By JON HIGHSMITH
ATLANTA – Despite the near total demise of the video rental industry, Videodrome – a video rental shop located in Atlanta’s rapidly developing Poncey Highland’s neighborhood – has remained a beloved fixture of local film enthusiasts.
With most retail video chains such as Blockbuster having declared bankruptcy and the hollowed-out video shops that have remained in their wake serving as proof to all of America’s changing culture, Videodrome has managed to stand firm in the digital era. How has the plucky store managed to stick around in the face of overwhelming odds?
According to Videdrome founder and owner Matt Booth, it’s not even an issue. In fact, competing with other video rental stores never even crossed his mind.
“I never even considered [Blockbuster] as competitors, honestly,” Booth said. “They were one of these giant corporations that were about moving their stock price. They didn’t really [know] the films they had. They weren’t for movie fans, and I feel like we’re for movie fans.”
With the walls filled with the kinds of cinema film buffs flock to, whether it’s Asian art cinema, old school horror, or B-film fare, the store offers a wide selection of films that would be impossible to find at other stores, or even Netflix.
Booth founded Videodrome in 1998. He previously worked for a Little Five Points shop called Video Update, and decided to start his own shop after deciding he could run things better himself. With Videodrome having just celebrated its 16th birthday, it’s hard to argue with him.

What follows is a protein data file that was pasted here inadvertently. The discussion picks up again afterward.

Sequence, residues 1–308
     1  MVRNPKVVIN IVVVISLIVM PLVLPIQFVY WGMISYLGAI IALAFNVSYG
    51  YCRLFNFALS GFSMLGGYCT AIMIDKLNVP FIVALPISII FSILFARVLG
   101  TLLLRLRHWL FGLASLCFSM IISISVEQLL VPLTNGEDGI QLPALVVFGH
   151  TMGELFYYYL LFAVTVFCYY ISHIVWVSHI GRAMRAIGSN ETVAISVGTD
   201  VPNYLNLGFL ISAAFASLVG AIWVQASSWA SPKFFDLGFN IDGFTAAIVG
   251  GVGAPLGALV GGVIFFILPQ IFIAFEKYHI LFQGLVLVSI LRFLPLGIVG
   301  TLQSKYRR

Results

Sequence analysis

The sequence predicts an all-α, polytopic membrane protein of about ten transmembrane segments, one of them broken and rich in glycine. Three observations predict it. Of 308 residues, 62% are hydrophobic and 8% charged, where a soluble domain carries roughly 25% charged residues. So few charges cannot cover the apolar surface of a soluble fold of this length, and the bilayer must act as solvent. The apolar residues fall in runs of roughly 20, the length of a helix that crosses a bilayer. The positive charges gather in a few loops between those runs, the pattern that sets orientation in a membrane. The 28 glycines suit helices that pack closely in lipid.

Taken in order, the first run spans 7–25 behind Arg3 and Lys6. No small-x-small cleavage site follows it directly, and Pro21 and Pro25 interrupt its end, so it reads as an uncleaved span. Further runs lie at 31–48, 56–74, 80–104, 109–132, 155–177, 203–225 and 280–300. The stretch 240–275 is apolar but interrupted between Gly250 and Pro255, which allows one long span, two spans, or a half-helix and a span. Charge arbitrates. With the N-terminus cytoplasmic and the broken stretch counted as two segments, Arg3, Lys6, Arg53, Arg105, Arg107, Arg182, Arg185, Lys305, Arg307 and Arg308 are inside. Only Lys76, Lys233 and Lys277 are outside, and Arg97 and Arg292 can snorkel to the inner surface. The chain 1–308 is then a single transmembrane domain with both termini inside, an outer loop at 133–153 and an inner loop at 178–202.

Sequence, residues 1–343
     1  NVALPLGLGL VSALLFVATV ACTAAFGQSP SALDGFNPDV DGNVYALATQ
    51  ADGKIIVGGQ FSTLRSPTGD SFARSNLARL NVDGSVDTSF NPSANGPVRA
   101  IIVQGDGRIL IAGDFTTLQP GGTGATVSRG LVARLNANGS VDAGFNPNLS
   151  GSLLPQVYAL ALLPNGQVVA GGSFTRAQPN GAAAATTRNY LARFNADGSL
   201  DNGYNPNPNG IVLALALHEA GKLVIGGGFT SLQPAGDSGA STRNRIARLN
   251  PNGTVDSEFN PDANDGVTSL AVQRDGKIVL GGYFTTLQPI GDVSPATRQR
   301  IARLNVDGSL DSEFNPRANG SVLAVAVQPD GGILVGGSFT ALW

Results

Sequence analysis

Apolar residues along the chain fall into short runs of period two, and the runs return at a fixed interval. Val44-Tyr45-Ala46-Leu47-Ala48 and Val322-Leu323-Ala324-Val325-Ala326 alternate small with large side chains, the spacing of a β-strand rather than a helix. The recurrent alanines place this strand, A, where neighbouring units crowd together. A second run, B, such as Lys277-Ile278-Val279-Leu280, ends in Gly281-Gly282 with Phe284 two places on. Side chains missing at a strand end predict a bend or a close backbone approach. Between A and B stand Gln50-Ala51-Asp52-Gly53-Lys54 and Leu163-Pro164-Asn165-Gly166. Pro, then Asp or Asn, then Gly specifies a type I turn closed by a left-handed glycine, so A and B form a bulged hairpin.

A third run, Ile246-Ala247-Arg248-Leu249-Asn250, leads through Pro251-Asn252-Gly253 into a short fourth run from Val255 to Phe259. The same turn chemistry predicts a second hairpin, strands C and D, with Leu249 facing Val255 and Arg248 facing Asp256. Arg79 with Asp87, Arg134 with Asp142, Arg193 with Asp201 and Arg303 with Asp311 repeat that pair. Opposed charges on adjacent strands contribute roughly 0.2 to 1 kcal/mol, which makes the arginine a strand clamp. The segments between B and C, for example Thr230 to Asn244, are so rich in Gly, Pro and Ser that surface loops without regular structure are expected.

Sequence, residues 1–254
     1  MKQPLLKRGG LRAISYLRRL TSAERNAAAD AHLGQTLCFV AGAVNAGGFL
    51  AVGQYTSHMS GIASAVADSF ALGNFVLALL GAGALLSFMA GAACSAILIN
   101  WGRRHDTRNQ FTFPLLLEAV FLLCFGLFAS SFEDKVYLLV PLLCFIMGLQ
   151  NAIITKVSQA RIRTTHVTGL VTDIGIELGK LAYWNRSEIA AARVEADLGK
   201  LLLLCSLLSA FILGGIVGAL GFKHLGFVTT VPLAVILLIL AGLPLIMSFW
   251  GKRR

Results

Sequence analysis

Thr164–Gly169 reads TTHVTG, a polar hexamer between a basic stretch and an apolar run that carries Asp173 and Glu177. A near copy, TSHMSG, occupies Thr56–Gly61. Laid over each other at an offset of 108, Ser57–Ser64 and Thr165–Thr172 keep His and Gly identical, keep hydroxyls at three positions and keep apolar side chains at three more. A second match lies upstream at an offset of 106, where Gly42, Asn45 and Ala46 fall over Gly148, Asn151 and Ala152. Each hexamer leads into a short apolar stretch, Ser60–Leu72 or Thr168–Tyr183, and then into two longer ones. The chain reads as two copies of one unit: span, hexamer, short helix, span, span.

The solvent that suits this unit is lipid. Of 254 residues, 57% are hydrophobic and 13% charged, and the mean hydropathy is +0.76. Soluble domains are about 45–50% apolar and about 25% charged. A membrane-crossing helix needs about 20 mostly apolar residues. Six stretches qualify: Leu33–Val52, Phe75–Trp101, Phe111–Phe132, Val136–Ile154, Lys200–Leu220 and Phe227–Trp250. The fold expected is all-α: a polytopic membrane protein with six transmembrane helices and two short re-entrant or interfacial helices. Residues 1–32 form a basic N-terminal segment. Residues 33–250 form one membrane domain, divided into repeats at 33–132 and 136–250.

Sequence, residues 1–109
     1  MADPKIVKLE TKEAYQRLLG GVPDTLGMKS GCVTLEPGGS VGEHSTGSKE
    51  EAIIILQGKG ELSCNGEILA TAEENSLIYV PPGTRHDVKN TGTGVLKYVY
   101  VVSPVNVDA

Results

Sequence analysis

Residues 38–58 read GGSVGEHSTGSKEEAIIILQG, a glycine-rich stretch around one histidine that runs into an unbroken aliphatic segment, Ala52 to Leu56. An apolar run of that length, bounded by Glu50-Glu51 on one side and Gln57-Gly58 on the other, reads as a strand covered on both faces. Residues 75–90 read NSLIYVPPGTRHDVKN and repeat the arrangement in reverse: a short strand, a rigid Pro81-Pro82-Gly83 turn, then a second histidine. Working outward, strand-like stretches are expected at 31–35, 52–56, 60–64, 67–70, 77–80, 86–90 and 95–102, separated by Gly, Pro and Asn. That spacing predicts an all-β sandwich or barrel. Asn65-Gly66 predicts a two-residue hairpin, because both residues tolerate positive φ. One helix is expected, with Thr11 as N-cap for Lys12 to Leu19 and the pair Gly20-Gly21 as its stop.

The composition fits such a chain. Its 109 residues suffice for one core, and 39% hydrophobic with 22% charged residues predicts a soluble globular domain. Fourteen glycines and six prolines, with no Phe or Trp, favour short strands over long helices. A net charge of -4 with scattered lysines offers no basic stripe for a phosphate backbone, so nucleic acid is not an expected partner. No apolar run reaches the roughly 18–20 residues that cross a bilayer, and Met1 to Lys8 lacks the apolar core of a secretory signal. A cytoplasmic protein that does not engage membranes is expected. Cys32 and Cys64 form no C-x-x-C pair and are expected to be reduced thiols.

With Videodrome’s films-first focus and the employees’ deep level of personal interaction with their customers, the store’s clientele plays a big role in the store’s success. Booth is very focused on the community role that Videodrome plays in Atlanta.
“I feel like we’re better suited for the neighborhood. And that’s all we try to do, really, is just be a part of the neighborhood,” Booth said.
By his observation, the store’s clientele has remained largely the same in the last five years, with many dedicated customers returning to the store on a regular basis.
In fact, Videodrome’s interaction with its client base is so involved that several of their employees are former customers. Tommy Morgan, another employee of the store, recalls having been a frequent customer before becoming an employee.
“I was working at Movies Worth Seeing up the street and I was a customer here and I decided to come over here. I had more involvement with the store working over here,” he said.
Morgan has been working there since 2001 and is an example of the kind of DIY culture that Videodrome has maintained over the years.
Frequent customer Dan Wakefield attributes some of Videodrome’s success to its unpretentious quality.
“You just can’t fake that sort of thing. You can’t speed that process up, science hasn’t tackled it, yet,” Wakefield said.
He values the store’s laid-back personality. Instead of logging into Netflix, one can go to Videodrome and interact with fellow film fans. One can’t find that on Netflix. It’s an organic and natural way to discover new films and to access film culture.
Owner Booth doesn’t think Videodrome will be undergoing any sweeping changes any time soon. No, there won’t be a Videodrome equivalent to Redbox or a Videodrome smartphone app. As long as Atlanta residents continue to love movies and continue to support the store, they’ll keep chugging happily along, providing a service that is irreplaceable and inimitable.